AND OR Stuck-at faults (A) Bridging faults (B) Cross Point faults Missing Device fault (C) Extra Device faults (D) A D C B BIST - PLA

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**BIST PLA - Cross Point faults**

Growth - The missing device in AND plane causes an input variable to disappear from a product term. Shrink - The extra device in AND plane causes an input variable to appear in a implicant. Disappearance - The missing device in OR plane causes an implicant to disappear from a function. Appearance - The extra device in OR plane causes an implicant to appear in a function. BIST - PLA

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**PLA Testing Test generation is difficult for large PLAs**

- Pseudorandom resistance due to large fan-ins Easily testable designs - Add moderate hardware overhead to make pattern generation easier - The general idea is to make each product line controllable and observable Built-In Self Test - A varieties of technique were proposed - The effectiveness is evaluated by Hardware overhead Test length Delay per test application

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**The HJA Scheme Proposed by Hua, Jou and Abraham**

Solve pitch mismatch problem by using multiplexing in the Augmented Decoder Hardware Overhead: fair - AD, TPG, PC2 and PC3 Test length: good - 2M+P+2 Delay per test application: fair -Limited by the parity checkers

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**The HJA Scheme (continue)**

Inputs Feedback Lines Output Cells PC3 TPG Interface Cells OR Array AND Array E2 PC2 Outputs TPG: Test Pattern Generator AD: Augmented Decoder PC: Parity Checkers AD

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**TFA Scheme Proposed by Treuer, Fujiwara and Agarwal**

Hardware overhead: good - AD, PS, PC3 Test length: fair - 2MP + 2M + 1 Delay per test application: fair - Limited by the parity checker

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**TFA Scheme (continue) E3 C2 C1 Inputs Feedback Lines Output Cells PC3**

Interface Cells OR Array AND Array Outputs AD Sin PS: Product Line Selector PS

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**HM Scheme Proposed by Hassan and McCluskey Hardware overhead: bad**

- A M-bit LFSR generates exhaustive patterns - Three LFSRs compress the results Test length: bad - Bad for PLAs with large number of inputs Delay per test application: good - Use signature analyzer instead of parity checkers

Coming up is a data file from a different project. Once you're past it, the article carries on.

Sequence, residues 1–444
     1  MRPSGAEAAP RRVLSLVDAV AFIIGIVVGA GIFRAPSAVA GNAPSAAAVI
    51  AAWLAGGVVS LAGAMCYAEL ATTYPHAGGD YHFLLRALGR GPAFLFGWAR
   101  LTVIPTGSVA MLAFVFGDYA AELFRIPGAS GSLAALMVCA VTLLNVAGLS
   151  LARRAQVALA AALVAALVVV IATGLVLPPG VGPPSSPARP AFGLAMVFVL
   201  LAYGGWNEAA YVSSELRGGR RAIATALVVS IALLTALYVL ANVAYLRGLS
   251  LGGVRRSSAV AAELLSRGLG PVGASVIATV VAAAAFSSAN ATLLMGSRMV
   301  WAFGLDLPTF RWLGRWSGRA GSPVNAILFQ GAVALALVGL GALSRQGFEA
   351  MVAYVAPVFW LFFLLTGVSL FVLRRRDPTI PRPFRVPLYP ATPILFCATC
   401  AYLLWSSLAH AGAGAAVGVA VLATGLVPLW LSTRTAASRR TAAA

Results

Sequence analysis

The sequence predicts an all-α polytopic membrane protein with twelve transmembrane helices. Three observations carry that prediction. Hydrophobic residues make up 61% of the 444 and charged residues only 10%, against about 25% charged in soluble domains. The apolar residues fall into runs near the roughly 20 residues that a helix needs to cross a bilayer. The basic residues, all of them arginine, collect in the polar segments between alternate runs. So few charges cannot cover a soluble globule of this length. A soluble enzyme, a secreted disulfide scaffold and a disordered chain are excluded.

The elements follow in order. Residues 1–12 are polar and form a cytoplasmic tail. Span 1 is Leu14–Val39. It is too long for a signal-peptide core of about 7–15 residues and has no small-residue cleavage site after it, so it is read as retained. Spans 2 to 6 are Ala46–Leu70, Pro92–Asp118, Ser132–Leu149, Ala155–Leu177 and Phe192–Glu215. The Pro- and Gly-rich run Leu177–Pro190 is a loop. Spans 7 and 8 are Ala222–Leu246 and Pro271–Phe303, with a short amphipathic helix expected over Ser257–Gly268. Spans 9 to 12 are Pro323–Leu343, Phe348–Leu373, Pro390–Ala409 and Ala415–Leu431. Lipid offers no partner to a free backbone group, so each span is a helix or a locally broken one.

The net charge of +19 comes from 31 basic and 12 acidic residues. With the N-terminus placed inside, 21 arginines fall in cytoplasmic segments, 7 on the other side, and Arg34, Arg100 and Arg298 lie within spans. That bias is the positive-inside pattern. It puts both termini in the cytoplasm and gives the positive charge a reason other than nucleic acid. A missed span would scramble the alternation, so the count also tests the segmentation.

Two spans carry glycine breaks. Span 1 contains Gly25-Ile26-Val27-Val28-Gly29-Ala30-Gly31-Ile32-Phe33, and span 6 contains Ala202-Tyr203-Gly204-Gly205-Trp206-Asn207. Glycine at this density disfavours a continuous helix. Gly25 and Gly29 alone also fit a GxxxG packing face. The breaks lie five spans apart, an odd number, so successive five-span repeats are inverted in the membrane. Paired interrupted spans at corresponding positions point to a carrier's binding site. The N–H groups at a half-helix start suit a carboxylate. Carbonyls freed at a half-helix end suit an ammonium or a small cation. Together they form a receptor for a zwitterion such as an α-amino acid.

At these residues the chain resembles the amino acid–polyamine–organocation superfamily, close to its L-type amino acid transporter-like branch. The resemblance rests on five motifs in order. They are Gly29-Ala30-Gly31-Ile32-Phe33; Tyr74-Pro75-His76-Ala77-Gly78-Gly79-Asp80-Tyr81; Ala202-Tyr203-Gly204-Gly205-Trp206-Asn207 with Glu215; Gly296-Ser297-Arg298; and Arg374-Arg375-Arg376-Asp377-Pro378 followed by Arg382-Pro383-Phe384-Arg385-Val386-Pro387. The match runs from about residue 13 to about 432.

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**HM Scheme (continue) L L AND Array OR Array G LS**

Complemented Bit Lines L True Bit Lines AND Array OR Array Inputs Output G LS G: Maximum Length Sequence Generator L: Parallel LFSR LS: LFSR(s) Used to Compact the Outputs

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**DM Scheme Proposed by Daehn and Mucha**

Using nonlinear feedback shift registers for both pattern generation and response compression Hardware overhead: bad - Three slightly modified BILBOs Test length: good - 2M + P + Q + 1 Delay per test application: good

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**DM Scheme (continue) BIST - PLA BILBO2 AND Plane OR Plane BILBO1**

Input Decoders Input Decoders BIST - PLA

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**The New BIST Design Hardware overhead: good - AD, PS and MISR**

Test length: fair - 2MP Delay per test application: good - No parity checkers

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**The New BIST Design (continue)**

Inputs Feedback Lines Interface Cells OR Array AND Array Outputs AD: Augmented Decoder PS: Product Line Selector MISR: Multiple Input Signature Register G(X): Characteristic Polynomial AD PS Sin MISR G(X) = XQ+1 Sout C2 E2 E1

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The New BIST Design Use AD and PS to evaluate each device in the AND array Use MISR with XQ + 1 as the characteristic polynomial - Hardware complexity is comparable to that of the parity checker Add one extra input - Make the product lines of the AND array all have an odd number of devices and an odd number of nondevices Add one or two product lines - Make the bit lines of the AND array all have an odd number of devices - Make the output lines all have an odd number of devices - Make the PLA have an odd number of product lines

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**Fault Coverage 1 1 MISR with XQ + 1 1 1 1 1 1**

Si(x) = 1 + x + x2 + x4 = 11101 Ri(x) = x + x2 = 01100 1 1 1 1 1 1 1 Si+1(x) = 1 + x3 = 10010 In order to guarantee the detection of all modeled faults, the E(X) caused by some fault must satisfy the requirement of E(X) mod XQ + 1 ¹ 0

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Fault Coverage Theorem 1: E(X) mod XQ + 1 ¹ 0 if E(X) has an odd number of terms Theorem 2: All the single contact faults and stuck at faults cause E(X) to have an odd number of terms in the BIST design Theorem 3: R(X) mod XQ +1 has an odd number of terms if R(X) has an odd number of terms Corollary 1: F(X) mod XQ + 1 has an even number of terms if F(X) has an even number of terms Parity of fault-free signature is 1

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**Fault Coverage Parity of faulty signature is 0**

Short faults between two adjacent bit lines are detected by NOR gate E1 Short faults between two adjacent product lines are detected by the NOR gate E2 combined with a parity counter Short faults between two adjacent output are not 100% detectable

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Conclusion Deterministic test pattern generation is used to generate the efficient test patterns The simplest MISR is used to compress the results into only ONE bit The final signature can be further compressed into only ONE bit All the single stuck-at faults and contact faults are detected The design gives a better trade-off between the cost and the performance of BIST PLAs